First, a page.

Mr Reddy has finally put AP, however belatedly, on the firm path of sustainable development and a bright future
After several years of contestations over the shifting of capital, a war whose many battles were fought in the courts (a case is currently ongoing in the highest) and on the streets (when the displaced farmers of Amaravati, the grandiloquent fantasy capital of previous chief minister N. Chandrababu Naidu, held long protests, strikes and marches), the issue of a new capital for Andhra Pradesh was finally settled when chief minister Y.S. Jagan Mohan Reddy firmly indicated that Visakhapatnam was the new centre of power for the state nine years after its bifurcation.
The issue of a capital for Andhra Pradesh, a state that lost Hyderabad to Telangana, has rankled with the people and its politics from the start. It was one of its core reasons for opposition to the bifurcation.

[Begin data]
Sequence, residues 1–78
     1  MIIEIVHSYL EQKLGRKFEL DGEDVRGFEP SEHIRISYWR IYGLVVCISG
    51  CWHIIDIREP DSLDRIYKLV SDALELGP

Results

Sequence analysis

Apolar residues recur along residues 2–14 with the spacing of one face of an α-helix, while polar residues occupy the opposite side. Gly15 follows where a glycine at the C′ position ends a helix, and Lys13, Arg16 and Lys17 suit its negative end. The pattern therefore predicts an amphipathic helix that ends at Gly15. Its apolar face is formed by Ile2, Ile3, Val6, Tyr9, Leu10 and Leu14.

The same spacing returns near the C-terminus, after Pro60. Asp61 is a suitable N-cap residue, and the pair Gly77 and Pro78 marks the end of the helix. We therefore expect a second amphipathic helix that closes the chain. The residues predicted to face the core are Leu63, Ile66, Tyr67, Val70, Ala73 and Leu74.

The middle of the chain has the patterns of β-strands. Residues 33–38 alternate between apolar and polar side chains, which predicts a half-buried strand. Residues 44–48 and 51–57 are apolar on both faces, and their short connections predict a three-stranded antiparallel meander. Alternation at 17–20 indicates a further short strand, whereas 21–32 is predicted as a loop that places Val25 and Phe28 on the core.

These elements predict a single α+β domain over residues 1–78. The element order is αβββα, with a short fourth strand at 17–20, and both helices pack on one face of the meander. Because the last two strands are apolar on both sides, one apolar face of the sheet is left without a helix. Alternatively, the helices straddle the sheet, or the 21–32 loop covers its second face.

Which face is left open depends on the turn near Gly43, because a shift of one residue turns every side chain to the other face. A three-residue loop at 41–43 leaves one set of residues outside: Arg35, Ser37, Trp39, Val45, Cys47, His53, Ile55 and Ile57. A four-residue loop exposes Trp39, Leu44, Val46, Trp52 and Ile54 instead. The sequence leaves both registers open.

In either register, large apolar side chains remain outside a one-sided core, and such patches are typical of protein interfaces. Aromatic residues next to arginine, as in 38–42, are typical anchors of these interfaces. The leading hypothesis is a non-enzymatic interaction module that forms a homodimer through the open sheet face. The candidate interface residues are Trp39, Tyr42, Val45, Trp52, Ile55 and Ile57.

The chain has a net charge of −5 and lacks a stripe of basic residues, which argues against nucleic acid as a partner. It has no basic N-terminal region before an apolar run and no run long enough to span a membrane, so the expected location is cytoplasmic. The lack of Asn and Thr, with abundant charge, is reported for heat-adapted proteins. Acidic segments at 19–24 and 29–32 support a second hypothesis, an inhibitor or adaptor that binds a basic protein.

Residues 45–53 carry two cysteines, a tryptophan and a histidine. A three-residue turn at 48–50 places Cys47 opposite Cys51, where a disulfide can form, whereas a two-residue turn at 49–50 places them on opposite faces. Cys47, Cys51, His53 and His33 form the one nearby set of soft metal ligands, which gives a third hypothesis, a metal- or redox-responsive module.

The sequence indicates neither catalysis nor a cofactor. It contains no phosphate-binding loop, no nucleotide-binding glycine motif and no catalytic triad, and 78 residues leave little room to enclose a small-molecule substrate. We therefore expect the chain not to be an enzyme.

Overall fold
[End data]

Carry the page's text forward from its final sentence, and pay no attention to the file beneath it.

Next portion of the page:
After the split, despite Hyderabad being a temporary shelter for AP as common capital, Mr Naidu made haste and exited, and in an impractical quest of vainglory, he choose to set the state, despite financial inability, on a path of a grand new green-field capital city called Amaravati. The TDP pushed along the reckless move, despite protestations from environmentalists, businessmen and citizens, for narrow vested interests.
Mr Jagan Mohan Reddy has put an end to the madness, but had to bring in the ruse of decentralised development and three capitals, to legally go ahead with his pragmatic plan. Visakhapatnam, the largest and most developed city of the state, having a lovely coastal ambience, was a perfect choice.
By finally making it unambiguous that he would be moving to the executive capital, or the real capital, of Vizag shortly, and inviting investors to come there to explore investment opportunities, Mr Reddy has finally put AP, however belatedly, on the firm path of sustainable development and a bright future.